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Comment Re:Depends who pays (Score 1) 197

That's been the proposed option for years - but is it really happening on an industrial scale? It's a very lossy way to do things so apart from home use there has to be seriously high peak prices for it to make sense.
Do you have anything to show that it makes sense today and not some undefined time in the future? I'm interested.

Comment Actually it could be caused. (Score 1) 113

Cancer might not be caused by lack of quality healthcare,

Actually, in this case, lack of quality healthcare DOES rise the incidence of cancer:

Like several other types of cancer (e.g.: like colon cancer ; unlike pancreatic cancer), it's possible with a routine test to detect cellular anomalies long before those degenerate into an actual cervical cancer (the same way you can notice polyps on a scopy long before an actual cancer).

But for those early detection to be done, the woman needs to be able to afford going to a gynaecologist for said test to be done.
Otherwise she'll eventually get actual cervical cancer.

Also, cervical cancer is one of the few cancers where there is a well known and documented infectious cause - human papilloma virus - that accounts for a significant chunk of cervical cancer.

But again, for prevention to work, the woman needs to be able to afford going to a doctor who'll administer an HPV vaccine.
(or - less optimally - to gynaecologists who'll at least detect the HPV infection and do closer monitoring)

Otherwise the poor woman will catch HPV, which will go unnoticed, and eventually she's at high risk being one of those who caught a cervical cancer as a consequence of HPV infection.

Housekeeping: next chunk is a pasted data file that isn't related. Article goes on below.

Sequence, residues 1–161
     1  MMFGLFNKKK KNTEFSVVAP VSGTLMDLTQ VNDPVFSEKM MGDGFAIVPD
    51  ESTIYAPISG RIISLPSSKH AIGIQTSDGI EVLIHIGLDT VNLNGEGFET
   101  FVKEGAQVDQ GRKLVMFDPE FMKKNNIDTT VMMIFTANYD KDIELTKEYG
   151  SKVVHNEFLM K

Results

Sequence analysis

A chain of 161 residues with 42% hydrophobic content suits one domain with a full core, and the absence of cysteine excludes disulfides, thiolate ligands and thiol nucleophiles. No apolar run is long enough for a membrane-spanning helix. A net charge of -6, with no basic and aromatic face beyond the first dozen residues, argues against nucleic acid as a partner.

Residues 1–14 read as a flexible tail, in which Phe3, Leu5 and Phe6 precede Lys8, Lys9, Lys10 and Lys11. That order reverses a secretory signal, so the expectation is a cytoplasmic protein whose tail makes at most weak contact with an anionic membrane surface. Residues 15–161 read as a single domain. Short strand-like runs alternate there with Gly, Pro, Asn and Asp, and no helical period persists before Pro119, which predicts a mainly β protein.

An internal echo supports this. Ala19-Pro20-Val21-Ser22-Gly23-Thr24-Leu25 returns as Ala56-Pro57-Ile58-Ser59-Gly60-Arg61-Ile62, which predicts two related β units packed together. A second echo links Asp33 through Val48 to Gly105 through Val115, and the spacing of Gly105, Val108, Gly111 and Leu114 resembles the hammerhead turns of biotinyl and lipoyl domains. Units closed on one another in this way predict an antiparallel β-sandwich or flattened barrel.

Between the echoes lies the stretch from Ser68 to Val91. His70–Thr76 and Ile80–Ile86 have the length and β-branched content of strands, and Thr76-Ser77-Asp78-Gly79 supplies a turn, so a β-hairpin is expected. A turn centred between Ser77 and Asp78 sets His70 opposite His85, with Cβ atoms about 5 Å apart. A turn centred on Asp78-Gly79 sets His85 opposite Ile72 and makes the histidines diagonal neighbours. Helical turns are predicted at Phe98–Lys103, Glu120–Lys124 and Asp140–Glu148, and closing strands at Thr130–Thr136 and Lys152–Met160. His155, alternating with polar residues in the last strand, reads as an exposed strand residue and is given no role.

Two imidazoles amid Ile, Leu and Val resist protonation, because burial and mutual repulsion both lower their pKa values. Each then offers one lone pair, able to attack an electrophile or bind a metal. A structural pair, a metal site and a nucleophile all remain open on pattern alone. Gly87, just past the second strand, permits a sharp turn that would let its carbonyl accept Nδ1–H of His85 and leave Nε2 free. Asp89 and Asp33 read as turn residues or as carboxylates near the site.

(Disclaimer : I am a doctor, Jim ! ...but population health isn't my speciality).

Comment Chinese quality standards. (Score 1) 85

They are giving us product in return. We keep the benefit of that product forever.

At least until its lithium battery spontaneously explodes.
Because nobody in the quickly formed assembly chain (including the uncle of the neighbour who previously did work on a vaccum cleaner assembly chain. He did a bit of soldering. He should be okay to work on this hoverboard, right ?) did think about putting a battery management chip, or even a simple fuse.
("But this hover board costs only 249$ ! The other used to cost 1199$ !!!")

Even if it's a toy that helps in child development.

Yup ! The child will be helped a lot ! Specially by the lead poisoning (after the child survives the fire started by the exploding battery) because the toy was painted with the cheapest possible pigment available.
("But it was so cheap and affordable !")

The lower cost screwdriver may allow you to live in a better house.

In a better *warmed* house.
Because it got burned down.
(You can count on china managing to get a simple screwdriver exploding,
just because they found a way to make its price cheaper than 0.01$ per crate)

They are buying stuff from us like airplanes, construction equipment, entertainment, and high tech stuff.

Buying for now.
Some of which will get disassembled, analysed.
And cloned/recplicated.

In a couple of years, they'll be able to locally produce similar products of approximately equivalent built for half the price.